Hard to believe perhaps in view of the economic climate, but the average price of freehold houses on the Atlantic Seaboard for the first half of this year is up by R1.1 million compared to the same period last year.
“This”, says Billy Rautenbach, sales manager for Seeff’s Atlantic Seaboard and City Bowl operations, “is despite a year-on-year dip of about 9% in the number of sales”.
While the market is no doubt toughening up, freehold houses are still hot sellers with sales since the start of this year already topping the R1.166bn value mark. The average sales price meanwhile stands at R13.1m (exclusive of the extraordinary R290m sale) compared to just under R12m for the first half of 2015.
Of the 91-odd sales recorded on Propstats so far for this year, only about 11%, or 10 sales fall in the R0m to R5m price band. Most of the sales have been in the mid-market areas of Green Point and Sea Point. Houses in this price sector is very difficult to find and basically sell almost as soon as it hits the market according to agents, Jessica Rother and Debbie Koping.
“The R5m to R10m price band was by far the busiest, accounting for almost half of all sales with about 40 units sold at an average price of around R8m, compared to R7.6m during the same period last year.The bulk of the sales have been in Fresnaye (13) and Camps Bay (10) and a single sale in Clifton”.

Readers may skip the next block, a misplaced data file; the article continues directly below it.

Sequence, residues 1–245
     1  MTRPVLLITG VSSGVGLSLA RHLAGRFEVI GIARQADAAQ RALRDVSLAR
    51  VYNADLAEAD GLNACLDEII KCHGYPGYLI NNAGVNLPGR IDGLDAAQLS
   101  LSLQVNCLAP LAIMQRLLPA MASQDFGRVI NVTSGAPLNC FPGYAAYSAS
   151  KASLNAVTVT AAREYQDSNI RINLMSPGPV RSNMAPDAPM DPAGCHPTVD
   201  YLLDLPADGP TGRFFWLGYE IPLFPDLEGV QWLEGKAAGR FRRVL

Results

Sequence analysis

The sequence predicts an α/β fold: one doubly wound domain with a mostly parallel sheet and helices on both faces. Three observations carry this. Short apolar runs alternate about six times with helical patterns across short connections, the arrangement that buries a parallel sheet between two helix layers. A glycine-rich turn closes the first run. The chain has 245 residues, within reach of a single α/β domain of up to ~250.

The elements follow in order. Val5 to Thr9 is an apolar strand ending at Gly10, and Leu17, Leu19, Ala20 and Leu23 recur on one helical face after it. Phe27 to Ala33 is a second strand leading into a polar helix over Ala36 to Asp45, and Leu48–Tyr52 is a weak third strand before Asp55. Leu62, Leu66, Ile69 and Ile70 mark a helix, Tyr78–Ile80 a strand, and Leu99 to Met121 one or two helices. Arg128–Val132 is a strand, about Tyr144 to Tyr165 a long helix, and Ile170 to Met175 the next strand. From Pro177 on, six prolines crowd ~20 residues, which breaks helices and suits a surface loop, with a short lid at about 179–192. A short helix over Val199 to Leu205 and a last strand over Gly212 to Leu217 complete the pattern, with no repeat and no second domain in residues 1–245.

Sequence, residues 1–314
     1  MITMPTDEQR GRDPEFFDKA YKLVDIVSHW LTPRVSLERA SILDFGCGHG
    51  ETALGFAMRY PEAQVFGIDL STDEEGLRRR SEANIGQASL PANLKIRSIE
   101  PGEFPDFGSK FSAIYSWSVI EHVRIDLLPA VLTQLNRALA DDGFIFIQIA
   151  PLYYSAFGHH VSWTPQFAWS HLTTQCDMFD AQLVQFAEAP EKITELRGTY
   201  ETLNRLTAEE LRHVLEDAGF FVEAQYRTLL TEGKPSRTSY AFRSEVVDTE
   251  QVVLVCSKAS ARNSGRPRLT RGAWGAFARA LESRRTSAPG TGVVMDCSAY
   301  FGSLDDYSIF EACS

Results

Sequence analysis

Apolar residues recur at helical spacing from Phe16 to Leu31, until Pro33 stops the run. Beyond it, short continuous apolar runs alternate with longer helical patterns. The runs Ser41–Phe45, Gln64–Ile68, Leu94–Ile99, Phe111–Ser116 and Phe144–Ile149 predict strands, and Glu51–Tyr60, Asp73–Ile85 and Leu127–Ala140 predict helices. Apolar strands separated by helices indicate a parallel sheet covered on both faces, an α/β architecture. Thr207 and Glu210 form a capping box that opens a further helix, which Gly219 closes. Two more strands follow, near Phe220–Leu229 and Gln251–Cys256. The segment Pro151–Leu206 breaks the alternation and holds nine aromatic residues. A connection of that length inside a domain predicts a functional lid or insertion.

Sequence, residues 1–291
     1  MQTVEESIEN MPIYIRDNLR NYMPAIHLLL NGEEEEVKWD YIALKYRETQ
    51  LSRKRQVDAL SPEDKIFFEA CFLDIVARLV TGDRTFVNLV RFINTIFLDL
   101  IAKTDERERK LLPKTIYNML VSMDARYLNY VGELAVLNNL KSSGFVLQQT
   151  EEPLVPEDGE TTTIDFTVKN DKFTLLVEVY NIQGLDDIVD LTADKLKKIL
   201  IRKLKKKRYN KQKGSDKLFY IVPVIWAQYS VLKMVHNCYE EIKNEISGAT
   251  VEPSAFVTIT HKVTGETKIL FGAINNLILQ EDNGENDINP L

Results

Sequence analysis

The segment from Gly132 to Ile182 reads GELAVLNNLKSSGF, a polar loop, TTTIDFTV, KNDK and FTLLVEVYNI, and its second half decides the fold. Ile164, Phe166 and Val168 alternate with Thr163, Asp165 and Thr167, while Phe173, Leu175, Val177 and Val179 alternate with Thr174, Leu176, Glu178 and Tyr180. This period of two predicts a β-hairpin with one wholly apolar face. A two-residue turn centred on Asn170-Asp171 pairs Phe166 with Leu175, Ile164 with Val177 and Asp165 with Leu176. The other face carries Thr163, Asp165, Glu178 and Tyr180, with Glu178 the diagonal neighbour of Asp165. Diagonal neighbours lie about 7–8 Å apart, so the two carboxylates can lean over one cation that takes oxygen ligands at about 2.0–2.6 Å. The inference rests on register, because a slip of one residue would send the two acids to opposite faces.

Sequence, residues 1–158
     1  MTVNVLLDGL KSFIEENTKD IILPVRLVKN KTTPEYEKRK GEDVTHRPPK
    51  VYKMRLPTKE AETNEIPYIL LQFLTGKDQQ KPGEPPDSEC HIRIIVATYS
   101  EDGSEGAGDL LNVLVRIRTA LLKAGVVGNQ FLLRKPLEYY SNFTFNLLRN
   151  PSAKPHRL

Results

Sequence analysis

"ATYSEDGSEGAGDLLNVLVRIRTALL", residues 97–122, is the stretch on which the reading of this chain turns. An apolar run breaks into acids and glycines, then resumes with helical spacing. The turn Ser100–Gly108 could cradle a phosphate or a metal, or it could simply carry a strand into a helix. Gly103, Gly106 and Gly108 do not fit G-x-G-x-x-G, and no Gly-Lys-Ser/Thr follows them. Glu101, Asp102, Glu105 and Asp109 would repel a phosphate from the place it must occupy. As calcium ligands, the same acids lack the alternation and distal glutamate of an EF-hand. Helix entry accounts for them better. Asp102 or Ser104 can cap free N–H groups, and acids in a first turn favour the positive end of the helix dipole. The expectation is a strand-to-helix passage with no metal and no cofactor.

The next price band, the R10m to R20m range account for about 30% of all sales (28 units) and an average price of about R13.5m, down somewhat from last year’s average of R14.1m. The bulk of the sales have been in Camps Bay (12 units), followed by Fresnaye (6 units) and only 2 sales in Bantry Bay.
Notably, there were also 5 sales in Green Point and 3 in Sea Point, says Rautenbach. This clearly points to a rise in the value of freehold houses in these two areas.
Any well-priced freehold house below the R15m price mark in the Fresnaye and Bantry Bay area still attracts a lot of attention according to agent, Karen Lurie. In Fresnaye for example more than 80% of sales were below this price mark and almost half of all these sales were concluded within a month of listing.
The super-luxury R20m-plus sector of the market has been a little more active with 15 units sold compared to 13 sales for the same period last year.
“The total value generated of R755.291m, accounts for more than half of the value of all freehold house sales on the Atlantic Seaboard this year”, says Rautenbach.“The average price for this sector stands at R33.2m, slightly up on last year’s average of R32.5m”.
The highest number of sales of R20m-plus were made in Camps Bay (7 units) followed by Bantry Bay (3 units) and Fresnaye and Clifton at 2 sales respectively.
Luxury market specialist, Lance Cohen, says that although the demand at the top end of the market is now quite discerning, the level of confidence remains high as demonstrated by the fact that prices of R100m to just under R300m have now been achieved here.